The value of recyclables
What’s better than getting paid for something you planned to throw away?
Mike OConnell, executive director of the Rhode Island Resource Recovery Corporation (RIRRC), would likely answer that question with, “Getting paid more for what you would throw away.”
On Monday, OConnell gave municipal officials a brief tutorial in the economics of trash.
The officials had an incentive to be present and to listen; they would all receive a check representing their share of $740,626 the agency collected for the sale of recyclables last year. Like other commodities, the price paid for recyclables is dependent on the supply and demand.
Paper is a good example of what’s happened to prices in the past year. The price for newsprint has dropped by 31 percent while that for mixed paper is off by 35 percent. Other recyclables, including glass and some metals, also declined in the past year.
The paper issue had us interested, as it seems we are reminded almost weekly to “go paperless.” Banks would prefer digital statements and outlets would have us order online rather than complete catalog forms. And when was the last time you actually sent a letter, other than a birthday or Valentine’s Day card?
And it seems we are constantly being reminded that newspapers are losing circulation and are following the path of the dinosaurs.
If that were the case, one would think there’s less paper and, given the laws of supply and demand, the price of newsprint and mixed paper would be up.
As it turns out, the market laws of supply and demand haven’t been turned upside down. RIRRC is seeing more paper than ever. There’s a flood of paper.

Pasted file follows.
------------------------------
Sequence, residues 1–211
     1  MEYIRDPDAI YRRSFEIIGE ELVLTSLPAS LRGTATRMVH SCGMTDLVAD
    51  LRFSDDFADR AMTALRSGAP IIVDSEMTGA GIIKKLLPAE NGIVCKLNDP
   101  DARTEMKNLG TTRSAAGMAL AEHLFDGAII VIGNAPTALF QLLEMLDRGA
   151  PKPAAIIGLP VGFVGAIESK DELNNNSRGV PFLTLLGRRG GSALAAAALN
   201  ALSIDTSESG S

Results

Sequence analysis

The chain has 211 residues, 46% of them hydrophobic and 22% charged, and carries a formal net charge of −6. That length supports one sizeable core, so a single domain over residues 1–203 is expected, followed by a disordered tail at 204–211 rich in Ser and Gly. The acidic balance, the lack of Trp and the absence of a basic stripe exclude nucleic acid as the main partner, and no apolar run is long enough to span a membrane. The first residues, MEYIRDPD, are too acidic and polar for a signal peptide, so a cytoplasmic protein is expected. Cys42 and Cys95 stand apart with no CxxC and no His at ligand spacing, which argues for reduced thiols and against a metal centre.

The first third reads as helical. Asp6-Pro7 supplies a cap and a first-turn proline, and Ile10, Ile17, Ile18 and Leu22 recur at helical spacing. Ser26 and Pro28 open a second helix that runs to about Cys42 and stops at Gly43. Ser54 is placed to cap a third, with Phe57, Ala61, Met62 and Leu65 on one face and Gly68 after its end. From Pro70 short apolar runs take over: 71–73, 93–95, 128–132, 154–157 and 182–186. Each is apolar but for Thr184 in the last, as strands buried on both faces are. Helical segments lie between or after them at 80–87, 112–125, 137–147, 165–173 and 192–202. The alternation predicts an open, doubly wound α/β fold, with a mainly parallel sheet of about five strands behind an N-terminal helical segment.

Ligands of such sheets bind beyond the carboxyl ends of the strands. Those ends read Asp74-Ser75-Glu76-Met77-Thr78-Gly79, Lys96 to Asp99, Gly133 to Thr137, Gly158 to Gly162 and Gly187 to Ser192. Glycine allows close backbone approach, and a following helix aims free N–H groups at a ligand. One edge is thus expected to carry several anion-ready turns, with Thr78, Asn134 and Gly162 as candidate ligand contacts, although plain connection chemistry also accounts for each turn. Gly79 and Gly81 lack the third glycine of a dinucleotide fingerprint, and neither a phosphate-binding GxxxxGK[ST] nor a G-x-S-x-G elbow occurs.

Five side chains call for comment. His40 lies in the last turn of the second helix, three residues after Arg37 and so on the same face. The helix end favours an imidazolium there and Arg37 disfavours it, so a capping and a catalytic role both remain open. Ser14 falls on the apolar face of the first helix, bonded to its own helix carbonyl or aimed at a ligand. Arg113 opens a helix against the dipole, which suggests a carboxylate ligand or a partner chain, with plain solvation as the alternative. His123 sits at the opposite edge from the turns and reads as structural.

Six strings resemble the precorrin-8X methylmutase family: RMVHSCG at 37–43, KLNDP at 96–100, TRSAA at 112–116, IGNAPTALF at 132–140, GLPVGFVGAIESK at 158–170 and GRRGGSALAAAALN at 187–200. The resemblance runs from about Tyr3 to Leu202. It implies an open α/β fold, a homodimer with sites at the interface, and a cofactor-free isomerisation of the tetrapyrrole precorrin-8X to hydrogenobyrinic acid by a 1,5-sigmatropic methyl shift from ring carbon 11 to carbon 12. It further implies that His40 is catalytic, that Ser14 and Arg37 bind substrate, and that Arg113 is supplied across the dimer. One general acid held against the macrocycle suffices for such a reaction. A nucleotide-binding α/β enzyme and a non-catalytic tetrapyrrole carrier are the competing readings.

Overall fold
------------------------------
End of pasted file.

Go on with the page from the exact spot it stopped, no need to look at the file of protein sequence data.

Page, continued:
So, how can municipalities get more for recycling?
There’s little that Rhode Island could do on this global stage – there’s no chance of cornering the market on aluminum, for example. Besides, that’s not the game plan.
The answer, as OConnell will say, is to increase the recycling stream. RIRRC has worked to do that with its $17 million investment in its award-winning single stream recycling system. In addition to accepting mixed recyclables, the system has expanded the number of recyclables, especially when it comes to plastics.
Taking recyclables out of the waste stream further reduces municipal tipping fees and prolongs the life of the landfill.
But getting back to paper, let’s not forget what RIRRC handed out Monday – paper checks.
In the case of Warwick, the amount was $79,594.13. That’s not going to affect the tax rate, but it sure helps. With your help and that of world markets, let’s make it more next year.